Judge: Seattle abortion providers’ rights trump records law

In a win for abortion rights advocates, a federal judge in Seattle has issued a ruling temporarily protecting the identities of people working with fetal tissue at the University of Washington and elsewhere.

Using state public records laws, anti-choice activists hope to identify workers at clinics associated with Planned Parenthood and the UW Birth Defect Research Laboratory. Earlier this week, U.S. District Judge James Robart issued a preliminary injunction blocking the release of those records until the matter goes to trial.

Robart halted the release of the clinic workers’ information, finding that their work is political advocacy protected by the U.S. Constitution.

“Even if the research in which (the workers) participate or to which they contribute does not fall within the ambit of First Amendment protection, the groups with which (they) have participated or associated do engage in advocacy for the health and reproductive rights of women,” Robart said in his Nov. 15 ruling.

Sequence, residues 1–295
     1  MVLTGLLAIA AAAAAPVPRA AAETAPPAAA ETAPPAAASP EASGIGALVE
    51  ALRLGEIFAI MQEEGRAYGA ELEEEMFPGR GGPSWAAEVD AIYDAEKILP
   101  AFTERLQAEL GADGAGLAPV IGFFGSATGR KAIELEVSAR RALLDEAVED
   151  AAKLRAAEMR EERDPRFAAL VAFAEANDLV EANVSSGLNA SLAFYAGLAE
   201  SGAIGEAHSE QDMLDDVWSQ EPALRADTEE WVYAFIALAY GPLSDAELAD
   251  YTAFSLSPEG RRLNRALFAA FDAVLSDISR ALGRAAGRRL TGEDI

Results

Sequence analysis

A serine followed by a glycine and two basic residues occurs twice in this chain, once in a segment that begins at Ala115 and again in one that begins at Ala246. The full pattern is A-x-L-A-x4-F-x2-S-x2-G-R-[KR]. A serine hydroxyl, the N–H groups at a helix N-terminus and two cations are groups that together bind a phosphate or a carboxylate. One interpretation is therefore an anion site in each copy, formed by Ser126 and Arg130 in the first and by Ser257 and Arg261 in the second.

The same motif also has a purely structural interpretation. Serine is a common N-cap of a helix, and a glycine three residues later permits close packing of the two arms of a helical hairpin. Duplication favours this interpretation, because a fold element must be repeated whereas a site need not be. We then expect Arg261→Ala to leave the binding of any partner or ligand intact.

The Supreme Court, Robart continued, has previously found that the First Amendment can trump public records laws if the release of otherwise public documents will subject a person “to threats, harassment, or reprisals from either government officials or private parties.” The judge noted that Washington clinics have been firebombed, vandalized and blocked by those opposed to abortion rights.

Robart’s decision blocks the release of the workers’ names until trial. A trial date has not yet been set.

Abortion rights advocates celebrated Robart’s ruling.